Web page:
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Ex-CNRP activist’s plea heard

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Former court-dissolved CNRP member Kong Mas. Kim Sarom

Ex-CNRP activist’s plea heard

The Supreme Court on Wednesday heard arguments on whether to uphold or dismiss the sentence of former Cambodia National Rescue Party (CNRP) member Kong Mas who was imprisoned for one year and six months for insulting Hun Sen in a Facebook post.

Court documents say the then 32-year-old Mas created five Facebook accounts and used them to post offensive messages about government leaders from April to October 2018. He was charged with incitement and insults and found guilty in 2019 under Articles 495 and 502 of the Criminal Code.

The trial judge sentenced Mas and the Court of Appeal upheld the verdict. The Supreme Court will issue a decision on July 15.

Trial Judge Nhoung Thol read the facts before Supreme Court Judge You Yuthara, prosecutor Pen Sarath and Mas’ lawyer Sam Sokong. Judge Thol said Mas had created five Facebook accounts and used them to criticise the government.

The judge read the contents of Mas’ Facebook posts, which included: “Citizens, please rise up and topple the government. We all bring down this regime” and “It is Hun Sen who deprived citizens of a democracy. It is the regime of Hun Sen that kills forests.”

The court also heard that after he was detained, the police found 100,000 leaflets in the province which also aimed to incite chaos.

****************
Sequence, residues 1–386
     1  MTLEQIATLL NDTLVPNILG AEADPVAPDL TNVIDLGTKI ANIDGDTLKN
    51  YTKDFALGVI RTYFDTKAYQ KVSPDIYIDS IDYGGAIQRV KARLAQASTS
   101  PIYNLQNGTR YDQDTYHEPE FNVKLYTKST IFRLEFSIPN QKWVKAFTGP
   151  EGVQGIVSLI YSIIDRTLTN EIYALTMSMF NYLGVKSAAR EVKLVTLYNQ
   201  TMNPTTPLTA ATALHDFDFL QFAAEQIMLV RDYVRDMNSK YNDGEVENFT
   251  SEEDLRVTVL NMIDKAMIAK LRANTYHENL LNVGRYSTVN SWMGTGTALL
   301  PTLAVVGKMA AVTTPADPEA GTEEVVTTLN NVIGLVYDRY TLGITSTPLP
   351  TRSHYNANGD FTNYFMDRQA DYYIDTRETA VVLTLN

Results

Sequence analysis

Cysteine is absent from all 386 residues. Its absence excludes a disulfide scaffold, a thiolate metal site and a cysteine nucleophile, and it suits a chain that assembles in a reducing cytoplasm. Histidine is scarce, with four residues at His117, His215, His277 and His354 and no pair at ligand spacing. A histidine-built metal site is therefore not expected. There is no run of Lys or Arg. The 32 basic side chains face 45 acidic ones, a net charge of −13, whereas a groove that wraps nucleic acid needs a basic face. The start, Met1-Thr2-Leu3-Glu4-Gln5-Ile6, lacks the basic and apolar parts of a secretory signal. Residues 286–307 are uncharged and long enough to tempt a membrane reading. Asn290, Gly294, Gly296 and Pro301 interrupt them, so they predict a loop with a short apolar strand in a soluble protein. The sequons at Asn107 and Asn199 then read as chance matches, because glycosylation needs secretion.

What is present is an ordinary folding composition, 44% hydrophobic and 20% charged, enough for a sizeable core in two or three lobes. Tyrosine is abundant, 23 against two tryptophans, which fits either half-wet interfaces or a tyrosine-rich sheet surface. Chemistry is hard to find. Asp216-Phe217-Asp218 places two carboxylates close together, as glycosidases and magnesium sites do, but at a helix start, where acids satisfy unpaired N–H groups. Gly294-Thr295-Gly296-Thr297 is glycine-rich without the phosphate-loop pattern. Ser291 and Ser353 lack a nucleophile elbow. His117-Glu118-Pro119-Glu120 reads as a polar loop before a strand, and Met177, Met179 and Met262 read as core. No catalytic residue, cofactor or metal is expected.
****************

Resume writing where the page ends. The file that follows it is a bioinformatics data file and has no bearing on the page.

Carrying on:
Mas was sentenced on October 18, last year, and imprisoned for one year and six months for incitement to commit a crime. Mas filed an appeal, but on March 23, the Court of Appeal upheld the Phnom Penh Court of First Instant’s ruling.

Prosecutor Chum Somban argued before the court that Mas confessed about his written text on social media.

“So, the decision of the Court of Appeal to uphold the judgment of the Phnom Penh Court of First Instant is right under the law. I would keep the judgment of the Appeal Court,” he argued.

Mas’ lawyer Sam Sokong argued that his client appealed to the Supreme Court because he is dissatisfied with the decision of the Court of Appeal, which is unfair.

“He just wrote to criticise but not insult as the court mentioned. In a democratic country, a citizen has the right to expression. He asked people not to turn out for the election if there is no CNRP,” he said. He asked that the verdict against his client be overturned.

Mas’ wife Kol Sath said outside the court that since her husband was detained, she has faced many hardships, including raising her 10-year-old daughter.

She said the case is very unfair to her husband because he saw something not good in society and should have the right to express his thoughts as a citizen.

She said her husband has another case from 2019 in Svay Rieng province for criticising the Romeas Haek district governor who subsequently filed a complaint.

The Svay Rieng court imprisoned Mas for 15 days for “defamation and incitement of citizens to hate public officials” and made him pay a fine of 5,000,000 riel ($1,219).

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